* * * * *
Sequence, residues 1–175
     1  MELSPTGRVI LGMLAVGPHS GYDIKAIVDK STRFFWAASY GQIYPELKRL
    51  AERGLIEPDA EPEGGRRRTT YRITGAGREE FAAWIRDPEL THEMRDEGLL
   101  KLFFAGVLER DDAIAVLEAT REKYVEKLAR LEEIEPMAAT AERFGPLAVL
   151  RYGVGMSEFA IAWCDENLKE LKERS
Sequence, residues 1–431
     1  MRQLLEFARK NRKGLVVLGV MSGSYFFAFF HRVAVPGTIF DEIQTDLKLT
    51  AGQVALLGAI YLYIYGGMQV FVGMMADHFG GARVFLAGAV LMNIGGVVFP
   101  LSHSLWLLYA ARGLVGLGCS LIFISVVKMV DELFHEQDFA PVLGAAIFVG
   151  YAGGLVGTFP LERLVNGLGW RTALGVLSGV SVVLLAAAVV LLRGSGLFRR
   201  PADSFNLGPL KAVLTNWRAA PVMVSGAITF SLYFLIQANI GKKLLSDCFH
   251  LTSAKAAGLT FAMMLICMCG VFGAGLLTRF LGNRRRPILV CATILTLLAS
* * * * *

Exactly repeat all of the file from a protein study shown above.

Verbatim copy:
Sequence, residues 1–175
     1  MELSPTGRVI LGMLAVGPHS GYDIKAIVDK STRFFWAASY GQIYPELKRL
    51  AERGLIEPDA EPEGGRRRTT YRITGAGREE FAAWIRDPEL THEMRDEGLL
   101  KLFFAGVLER DDAIAVLEAT REKYVEKLAR LEEIEPMAAT AERFGPLAVL
   151  RYGVGMSEFA IAWCDENLKE LKERS
Sequence, residues 1–431
     1  MRQLLEFARK NRKGLVVLGV MSGSYFFAFF HRVAVPGTIF DEIQTDLKLT
    51  AGQVALLGAI YLYIYGGMQV FVGMMADHFG GARVFLAGAV LMNIGGVVFP
   101  LSHSLWLLYA ARGLVGLGCS LIFISVVKMV DELFHEQDFA PVLGAAIFVG
   151  YAGGLVGTFP LERLVNGLGW RTALGVLSGV SVVLLAAAVV LLRGSGLFRR
   201  PADSFNLGPL KAVLTNWRAA PVMVSGAITF SLYFLIQANI GKKLLSDCFH
   251  LTSAKAAGLT FAMMLICMCG VFGAGLLTRF LGNRRRPILV CATILTLLAS